I keep finding information on anti-pseudomonal antibiotics, or information specifying the antibiotic has anti-pseudomonal activity. Is there anything peculiar to this bacterium when compared with other gram negative bacteria?

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    $\begingroup$ Pseudomonas aeruginosa is versatile (growth requirements) and recalcitrant (biofilm formation). $\endgroup$ – Martin Klvana Nov 30 '18 at 8:27

Indeed Pseudomonas is a very peculiar (and concerning) genus in clinical microbiology, specially P. aeruginosa. The reason why you keep finding emphasis on antibiotics that have pseudomonal activity is because this organism is the model of bacterial antibiotic resistance. It is often considered more deathly than other important multi-resistant bacteria such as S. aureus, Acinetobacter or Enterobacter.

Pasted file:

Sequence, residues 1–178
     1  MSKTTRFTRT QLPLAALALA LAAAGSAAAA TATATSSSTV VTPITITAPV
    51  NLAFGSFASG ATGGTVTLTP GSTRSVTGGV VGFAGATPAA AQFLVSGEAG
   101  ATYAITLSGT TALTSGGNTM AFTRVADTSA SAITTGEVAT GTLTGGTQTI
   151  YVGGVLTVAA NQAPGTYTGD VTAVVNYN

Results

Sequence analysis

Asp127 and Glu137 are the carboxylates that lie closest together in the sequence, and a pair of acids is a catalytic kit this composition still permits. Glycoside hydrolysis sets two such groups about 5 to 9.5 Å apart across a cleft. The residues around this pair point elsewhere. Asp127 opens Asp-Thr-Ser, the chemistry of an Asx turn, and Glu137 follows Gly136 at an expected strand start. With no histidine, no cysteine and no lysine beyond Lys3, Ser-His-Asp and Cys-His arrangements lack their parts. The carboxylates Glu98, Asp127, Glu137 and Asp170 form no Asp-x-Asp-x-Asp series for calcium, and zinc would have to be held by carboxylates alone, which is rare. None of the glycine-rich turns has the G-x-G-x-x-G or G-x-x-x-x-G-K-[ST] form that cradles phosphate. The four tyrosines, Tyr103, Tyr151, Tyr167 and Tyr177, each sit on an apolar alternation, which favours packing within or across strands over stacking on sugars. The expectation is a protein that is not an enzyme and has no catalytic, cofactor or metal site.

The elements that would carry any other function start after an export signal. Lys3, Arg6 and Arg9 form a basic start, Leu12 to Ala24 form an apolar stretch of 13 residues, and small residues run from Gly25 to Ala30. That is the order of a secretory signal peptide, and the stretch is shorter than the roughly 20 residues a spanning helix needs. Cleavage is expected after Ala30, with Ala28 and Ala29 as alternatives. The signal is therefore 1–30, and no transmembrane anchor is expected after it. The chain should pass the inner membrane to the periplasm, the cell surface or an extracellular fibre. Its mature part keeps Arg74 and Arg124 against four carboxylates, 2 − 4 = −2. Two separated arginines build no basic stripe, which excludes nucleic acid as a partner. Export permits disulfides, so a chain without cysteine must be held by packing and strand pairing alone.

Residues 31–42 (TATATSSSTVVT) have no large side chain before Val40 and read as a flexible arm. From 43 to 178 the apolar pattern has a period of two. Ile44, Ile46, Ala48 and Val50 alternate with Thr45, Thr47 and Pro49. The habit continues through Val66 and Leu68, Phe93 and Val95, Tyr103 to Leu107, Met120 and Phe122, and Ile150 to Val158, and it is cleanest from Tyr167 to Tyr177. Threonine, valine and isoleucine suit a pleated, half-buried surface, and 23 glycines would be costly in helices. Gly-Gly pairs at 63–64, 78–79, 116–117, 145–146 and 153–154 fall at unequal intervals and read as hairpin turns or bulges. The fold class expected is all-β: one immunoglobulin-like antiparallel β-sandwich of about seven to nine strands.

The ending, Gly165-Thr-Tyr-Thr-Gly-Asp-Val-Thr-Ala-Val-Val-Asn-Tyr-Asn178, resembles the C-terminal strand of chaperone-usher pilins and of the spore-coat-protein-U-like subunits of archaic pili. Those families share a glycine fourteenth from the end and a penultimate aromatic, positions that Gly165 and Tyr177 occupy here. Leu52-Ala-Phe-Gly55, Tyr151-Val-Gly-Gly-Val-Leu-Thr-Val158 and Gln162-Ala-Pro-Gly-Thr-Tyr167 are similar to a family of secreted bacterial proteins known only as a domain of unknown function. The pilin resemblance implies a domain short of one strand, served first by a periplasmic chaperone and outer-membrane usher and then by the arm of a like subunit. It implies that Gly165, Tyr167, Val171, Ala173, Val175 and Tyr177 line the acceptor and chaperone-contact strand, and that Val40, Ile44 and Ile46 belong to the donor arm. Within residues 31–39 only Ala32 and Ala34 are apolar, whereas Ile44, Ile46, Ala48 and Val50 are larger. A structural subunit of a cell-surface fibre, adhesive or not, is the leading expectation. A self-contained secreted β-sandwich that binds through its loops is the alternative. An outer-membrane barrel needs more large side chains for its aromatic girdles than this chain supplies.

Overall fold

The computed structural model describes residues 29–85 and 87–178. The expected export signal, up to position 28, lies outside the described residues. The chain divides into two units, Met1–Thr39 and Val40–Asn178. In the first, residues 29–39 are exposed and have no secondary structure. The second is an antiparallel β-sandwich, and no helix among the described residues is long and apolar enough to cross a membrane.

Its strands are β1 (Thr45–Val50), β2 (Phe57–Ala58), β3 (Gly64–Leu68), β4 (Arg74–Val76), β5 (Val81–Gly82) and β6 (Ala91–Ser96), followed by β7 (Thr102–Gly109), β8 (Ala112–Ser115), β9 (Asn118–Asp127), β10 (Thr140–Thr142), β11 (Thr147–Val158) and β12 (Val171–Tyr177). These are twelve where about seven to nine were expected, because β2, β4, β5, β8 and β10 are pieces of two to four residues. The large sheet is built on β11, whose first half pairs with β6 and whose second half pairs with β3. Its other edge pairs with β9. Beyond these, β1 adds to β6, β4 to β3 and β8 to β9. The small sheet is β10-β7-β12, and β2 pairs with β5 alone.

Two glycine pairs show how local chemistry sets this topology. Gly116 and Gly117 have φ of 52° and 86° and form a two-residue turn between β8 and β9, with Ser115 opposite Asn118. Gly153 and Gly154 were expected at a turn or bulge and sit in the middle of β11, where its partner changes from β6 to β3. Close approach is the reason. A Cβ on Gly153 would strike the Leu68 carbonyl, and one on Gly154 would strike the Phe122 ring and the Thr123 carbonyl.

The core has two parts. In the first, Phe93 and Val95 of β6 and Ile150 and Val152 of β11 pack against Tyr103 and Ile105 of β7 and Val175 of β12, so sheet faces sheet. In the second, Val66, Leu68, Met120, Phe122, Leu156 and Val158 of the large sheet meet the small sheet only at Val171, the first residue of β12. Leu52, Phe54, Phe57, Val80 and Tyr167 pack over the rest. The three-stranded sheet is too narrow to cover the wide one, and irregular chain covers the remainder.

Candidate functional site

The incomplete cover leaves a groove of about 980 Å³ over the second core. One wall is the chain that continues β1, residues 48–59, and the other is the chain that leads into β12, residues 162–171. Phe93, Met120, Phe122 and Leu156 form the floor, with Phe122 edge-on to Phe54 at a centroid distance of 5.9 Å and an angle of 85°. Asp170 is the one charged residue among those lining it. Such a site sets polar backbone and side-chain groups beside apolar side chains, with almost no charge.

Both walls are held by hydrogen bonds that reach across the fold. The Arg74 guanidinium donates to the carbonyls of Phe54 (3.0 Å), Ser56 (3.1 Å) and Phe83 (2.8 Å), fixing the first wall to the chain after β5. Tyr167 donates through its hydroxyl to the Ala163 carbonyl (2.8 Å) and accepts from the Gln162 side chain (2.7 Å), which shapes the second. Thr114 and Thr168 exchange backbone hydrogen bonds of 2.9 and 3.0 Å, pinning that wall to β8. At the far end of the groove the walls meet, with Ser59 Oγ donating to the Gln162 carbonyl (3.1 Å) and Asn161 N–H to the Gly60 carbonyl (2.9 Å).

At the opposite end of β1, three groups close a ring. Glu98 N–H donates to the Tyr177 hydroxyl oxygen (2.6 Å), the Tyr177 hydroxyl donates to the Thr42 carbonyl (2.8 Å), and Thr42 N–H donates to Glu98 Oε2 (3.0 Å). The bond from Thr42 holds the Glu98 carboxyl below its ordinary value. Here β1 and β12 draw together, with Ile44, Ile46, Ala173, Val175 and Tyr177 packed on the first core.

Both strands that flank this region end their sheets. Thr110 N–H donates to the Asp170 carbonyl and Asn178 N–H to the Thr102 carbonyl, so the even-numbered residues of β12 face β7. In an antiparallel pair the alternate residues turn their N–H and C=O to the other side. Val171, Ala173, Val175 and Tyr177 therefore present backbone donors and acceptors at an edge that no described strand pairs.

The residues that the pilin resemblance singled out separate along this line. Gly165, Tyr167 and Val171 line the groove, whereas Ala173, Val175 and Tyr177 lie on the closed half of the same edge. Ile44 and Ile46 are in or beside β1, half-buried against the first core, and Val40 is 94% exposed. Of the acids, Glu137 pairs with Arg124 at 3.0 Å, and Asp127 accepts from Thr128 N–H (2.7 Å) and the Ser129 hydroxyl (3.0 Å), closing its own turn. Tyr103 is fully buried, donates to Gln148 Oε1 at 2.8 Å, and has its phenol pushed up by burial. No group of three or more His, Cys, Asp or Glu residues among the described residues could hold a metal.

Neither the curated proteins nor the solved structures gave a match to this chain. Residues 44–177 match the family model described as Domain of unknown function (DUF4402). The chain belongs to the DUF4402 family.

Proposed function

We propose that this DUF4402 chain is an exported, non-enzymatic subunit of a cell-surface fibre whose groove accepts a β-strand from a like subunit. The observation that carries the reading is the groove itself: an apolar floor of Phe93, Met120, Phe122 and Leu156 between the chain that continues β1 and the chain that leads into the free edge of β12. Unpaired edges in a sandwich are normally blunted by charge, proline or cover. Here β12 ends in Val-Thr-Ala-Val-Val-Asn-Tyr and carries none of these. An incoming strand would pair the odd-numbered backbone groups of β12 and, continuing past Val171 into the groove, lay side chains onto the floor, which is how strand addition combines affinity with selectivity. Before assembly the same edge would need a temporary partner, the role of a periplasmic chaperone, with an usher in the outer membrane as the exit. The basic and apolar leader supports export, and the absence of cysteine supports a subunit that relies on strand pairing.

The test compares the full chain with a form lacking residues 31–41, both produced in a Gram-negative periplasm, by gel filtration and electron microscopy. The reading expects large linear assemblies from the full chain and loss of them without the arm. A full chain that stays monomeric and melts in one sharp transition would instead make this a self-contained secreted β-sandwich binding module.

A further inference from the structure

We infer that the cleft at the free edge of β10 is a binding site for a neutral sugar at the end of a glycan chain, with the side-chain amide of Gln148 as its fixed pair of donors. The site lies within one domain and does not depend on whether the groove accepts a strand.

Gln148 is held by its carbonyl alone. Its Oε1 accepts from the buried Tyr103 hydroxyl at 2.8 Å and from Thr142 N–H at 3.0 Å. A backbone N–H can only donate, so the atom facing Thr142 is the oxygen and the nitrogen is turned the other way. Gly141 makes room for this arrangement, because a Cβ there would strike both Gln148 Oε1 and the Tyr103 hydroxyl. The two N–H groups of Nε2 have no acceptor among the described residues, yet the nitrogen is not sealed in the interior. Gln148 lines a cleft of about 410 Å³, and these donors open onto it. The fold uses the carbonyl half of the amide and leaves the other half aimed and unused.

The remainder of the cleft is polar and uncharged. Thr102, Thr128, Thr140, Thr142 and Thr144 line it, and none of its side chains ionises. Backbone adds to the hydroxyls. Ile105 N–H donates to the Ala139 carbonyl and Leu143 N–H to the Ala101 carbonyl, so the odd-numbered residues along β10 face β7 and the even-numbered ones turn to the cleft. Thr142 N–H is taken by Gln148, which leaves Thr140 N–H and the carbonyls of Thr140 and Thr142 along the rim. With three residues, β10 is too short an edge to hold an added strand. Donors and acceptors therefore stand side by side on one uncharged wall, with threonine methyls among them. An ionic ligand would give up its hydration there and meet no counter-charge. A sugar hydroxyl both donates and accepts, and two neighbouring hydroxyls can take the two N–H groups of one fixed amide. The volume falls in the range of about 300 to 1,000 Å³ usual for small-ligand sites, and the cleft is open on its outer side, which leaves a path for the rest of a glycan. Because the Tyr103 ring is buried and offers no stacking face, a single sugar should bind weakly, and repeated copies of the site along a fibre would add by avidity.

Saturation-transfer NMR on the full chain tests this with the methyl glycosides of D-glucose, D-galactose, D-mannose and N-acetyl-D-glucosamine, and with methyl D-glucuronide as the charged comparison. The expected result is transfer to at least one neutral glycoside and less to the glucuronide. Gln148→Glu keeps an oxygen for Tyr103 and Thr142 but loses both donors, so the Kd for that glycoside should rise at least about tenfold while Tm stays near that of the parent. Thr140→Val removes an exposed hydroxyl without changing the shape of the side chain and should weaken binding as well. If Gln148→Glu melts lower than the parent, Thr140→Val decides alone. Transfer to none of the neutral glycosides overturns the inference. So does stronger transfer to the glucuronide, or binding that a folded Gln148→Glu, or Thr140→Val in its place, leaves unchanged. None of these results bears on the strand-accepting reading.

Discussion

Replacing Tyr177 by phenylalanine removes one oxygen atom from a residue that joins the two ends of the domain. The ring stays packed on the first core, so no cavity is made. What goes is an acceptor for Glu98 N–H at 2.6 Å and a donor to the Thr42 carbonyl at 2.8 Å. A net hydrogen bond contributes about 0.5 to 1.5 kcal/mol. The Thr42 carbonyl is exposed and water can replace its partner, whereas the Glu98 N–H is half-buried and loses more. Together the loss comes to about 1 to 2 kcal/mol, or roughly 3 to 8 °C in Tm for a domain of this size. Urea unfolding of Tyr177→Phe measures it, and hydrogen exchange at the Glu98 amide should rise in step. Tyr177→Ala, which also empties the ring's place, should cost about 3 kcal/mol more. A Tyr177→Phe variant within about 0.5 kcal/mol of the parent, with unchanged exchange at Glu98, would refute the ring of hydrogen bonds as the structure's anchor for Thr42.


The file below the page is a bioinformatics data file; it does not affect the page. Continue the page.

P. aeruginosa is responsible for multi-resistant nosocomial diseases (a basic definition of nosocomial is an infection acquired inside a hospital) that have really high mortality rates. It is not uncommon to see hospital antibiogram results for this bacteria informing about resistance for all the commmonly used classes of antibiotics for Pseudomonas infections including 3rd and 4th generation cephalosporins, fluoroquinolones and carbapenems.

Reference: Evolution of Pseudomonas aeruginosa Antimicrobial Resistance and Fitness under Low and High Mutation Rates

There are LOADS of articles and info to read about P. aeruginosa antibiotic resistance, but I like this one since it tries to explain how the problem appeared from a genomic point of view.


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